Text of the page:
So what advice can I give to those looking to become a committer? It probably isn’t something I’d make a goal. I’d just work hard to make WordPress better. Regardless of your “access” you are sure to make an impact and receive respect from others.

I got my start doing a lot of thankless tasks during the 2.9 and 3.0 cycles. I tested the heck out of some of the newer features like trash, and weighed in and patched bugs. When multisite started to be merged in 3.0, I would sit there for hours dissecting it and seeing what I could do to understand it (and clean it up). I volunteered for tasks no one else wanted to work on because I knew it was important to the project. I’d look out to see which tickets were being flagged for the current release, then tackle them, one by one. It was definitely noticed that the committers could reliably turn to me during crunch times to get things done. Being responsive to the needs of the project is key.

I’m not suggesting you need to work on things you don’t enjoy. You can totally make the project better while sticking to an area of interest. You could even spend time in an area that overlaps significantly with what you’re employed to do, if contributing isn’t just a hobby for you. For example, Scott Taylor initially invested a lot of his time on making audio and video support better while he was at emusic (though music is certainly also passion of his). A lot of contributors have stepped up to improve an API after digging deep into it for a project.

Worth mentioning: Discussing with your employer about contributing is not an easy conversation. While hiring based solely on open source contributions can be fraught, companies that encourage their employees to contribute are helping themselves, too. Contributing not only gives back or helps to establish a voice in the community, but it’s also an enriched learning environment. I learned more in my first three months contributing than I did in three previous years of web development. It never hurts to have a subject matter expert on staff. And if you’re a consultant, you’ll be worth more to your clients.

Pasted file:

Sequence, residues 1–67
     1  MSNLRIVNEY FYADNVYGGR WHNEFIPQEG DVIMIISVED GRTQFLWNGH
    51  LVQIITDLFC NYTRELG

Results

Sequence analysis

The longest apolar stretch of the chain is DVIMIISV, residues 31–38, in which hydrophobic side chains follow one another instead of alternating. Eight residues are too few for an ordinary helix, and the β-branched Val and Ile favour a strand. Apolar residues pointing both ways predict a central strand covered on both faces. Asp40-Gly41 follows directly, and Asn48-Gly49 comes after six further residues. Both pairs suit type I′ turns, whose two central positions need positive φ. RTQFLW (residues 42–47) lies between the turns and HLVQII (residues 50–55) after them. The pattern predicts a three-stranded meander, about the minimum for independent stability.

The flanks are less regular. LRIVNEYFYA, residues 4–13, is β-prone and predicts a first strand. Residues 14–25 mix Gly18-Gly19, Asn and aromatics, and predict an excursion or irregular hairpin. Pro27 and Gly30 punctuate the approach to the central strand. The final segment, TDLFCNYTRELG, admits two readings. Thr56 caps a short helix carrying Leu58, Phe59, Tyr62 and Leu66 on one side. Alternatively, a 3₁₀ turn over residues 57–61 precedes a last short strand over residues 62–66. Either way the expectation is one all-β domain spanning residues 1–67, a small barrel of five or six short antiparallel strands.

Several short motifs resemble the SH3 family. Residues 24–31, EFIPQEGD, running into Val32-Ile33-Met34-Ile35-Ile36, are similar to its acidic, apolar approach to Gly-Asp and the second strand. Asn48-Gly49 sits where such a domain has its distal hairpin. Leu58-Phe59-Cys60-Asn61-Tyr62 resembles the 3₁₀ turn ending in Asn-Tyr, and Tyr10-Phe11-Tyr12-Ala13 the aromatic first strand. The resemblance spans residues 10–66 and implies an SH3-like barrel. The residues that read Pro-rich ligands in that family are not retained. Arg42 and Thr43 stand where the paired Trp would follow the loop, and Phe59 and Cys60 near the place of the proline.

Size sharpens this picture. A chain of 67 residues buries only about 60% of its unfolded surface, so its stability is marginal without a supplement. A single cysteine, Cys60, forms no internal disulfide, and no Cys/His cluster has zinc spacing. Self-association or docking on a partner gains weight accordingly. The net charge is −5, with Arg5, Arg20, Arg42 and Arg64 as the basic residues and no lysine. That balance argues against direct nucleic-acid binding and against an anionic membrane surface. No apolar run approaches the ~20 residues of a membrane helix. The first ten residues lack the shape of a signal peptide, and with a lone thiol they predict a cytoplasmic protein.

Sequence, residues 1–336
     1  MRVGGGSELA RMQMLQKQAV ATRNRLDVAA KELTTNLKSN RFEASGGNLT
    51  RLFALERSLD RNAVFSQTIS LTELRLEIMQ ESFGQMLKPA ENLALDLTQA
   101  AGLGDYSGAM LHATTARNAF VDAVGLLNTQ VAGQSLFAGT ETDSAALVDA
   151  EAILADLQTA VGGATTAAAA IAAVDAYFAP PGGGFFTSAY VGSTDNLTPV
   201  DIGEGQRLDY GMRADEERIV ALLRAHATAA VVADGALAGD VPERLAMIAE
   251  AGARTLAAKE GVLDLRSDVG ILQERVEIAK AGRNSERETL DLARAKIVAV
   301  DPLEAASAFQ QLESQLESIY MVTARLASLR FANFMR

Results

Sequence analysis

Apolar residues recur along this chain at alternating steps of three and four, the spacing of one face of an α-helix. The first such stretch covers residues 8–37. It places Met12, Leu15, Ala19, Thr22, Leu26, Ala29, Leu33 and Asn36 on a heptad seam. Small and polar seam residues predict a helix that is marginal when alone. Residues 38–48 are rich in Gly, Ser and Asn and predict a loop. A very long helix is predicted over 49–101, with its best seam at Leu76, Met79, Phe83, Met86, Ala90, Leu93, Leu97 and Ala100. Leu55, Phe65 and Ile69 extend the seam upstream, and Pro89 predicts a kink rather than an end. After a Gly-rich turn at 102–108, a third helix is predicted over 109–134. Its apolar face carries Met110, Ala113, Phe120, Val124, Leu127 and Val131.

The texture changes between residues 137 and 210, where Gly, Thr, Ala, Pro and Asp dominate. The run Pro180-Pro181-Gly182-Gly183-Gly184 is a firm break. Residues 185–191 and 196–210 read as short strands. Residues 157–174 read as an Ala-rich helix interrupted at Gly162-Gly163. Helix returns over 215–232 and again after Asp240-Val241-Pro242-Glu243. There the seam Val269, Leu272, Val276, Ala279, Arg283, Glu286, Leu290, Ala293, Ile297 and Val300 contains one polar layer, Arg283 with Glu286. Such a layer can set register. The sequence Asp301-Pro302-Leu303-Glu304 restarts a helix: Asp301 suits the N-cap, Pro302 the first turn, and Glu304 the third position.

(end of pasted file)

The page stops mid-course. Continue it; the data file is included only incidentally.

Many committers are “generalists” with a wide knowledge of WordPress, who have contributed extensively to all sorts of areas. Some are “specialists,” who work hard on a particular feature (perhaps a feature plugin), component (like multisite), or have a particular focus (like JavaScript). Becoming an expert in an area is hugely beneficial to the project. Some of our more recent process changes mean we are trying to empower more people to help “maintain” these different areas. This is great because it means more contributors will be able to make bigger differences, whether it’s triaging new or old tickets, providing feedback, helping to build out a roadmap for a particular component, or mentoring newer contributors. Not everything is exciting (like digging through old tickets on Trac, as if looking for diamonds in the rough) but your contributions will definitely be noticed.

You may not see it right away when you start out as a contributor, but it’s important to place the project’s goals ahead of your own. You might have reported a dozen tickets and it’s possible you disagree with how ten of them were handled. You can and should work to fix tickets you reported, but at some point, you’ll hopefully run out of those and need to look elsewhere to get your fix. Many contributors — including every committer — have “wish lists” or “pet projects” or “pet bugs” that they still haven’t gotten to, because they realize the project isn’t ready for them, or because their solution isn’t ready for the project, or because it simply isn’t a priority.

Some have said contributing to WordPress is more politics than code. I don’t think that’s true, but it can be easy to think that when you wonder why some things are moving faster than some individual ticket (of thousands). Scott Taylor recently wrote:

For a lot of people, I know the wait can be frustrating, but I would try viewing it in a larger context: we all have things we would love to go in immediately, but as responsible committers, we have to weigh the pros and cons of tossing code onto 20% of internet. I have tickets that have been open for 7 releases, but for each I either:

  1. don’t think the idea is fully-baked
  2. don’t have absolute confidence that the feature/code is necessary
  3. haven’t made a good enough case for it
  4. haven’t provided bulletproof evidence that it’s going to make WP better

More from Havoc Pennington:

Please don’t assume that the key issue for accepting a feature is whether there’s a patch. It isn’t. It’s easy to write a patch. It’s hard to maintain a software project over the long term. Maintainers absolutely have to understand the rationale for each feature, not just rubber stamp the patches. If they don’t understand a feature they can’t maintain it over time. There will be future decisions about how the feature works, or how related features work, and the maintainer will have to make those decisions.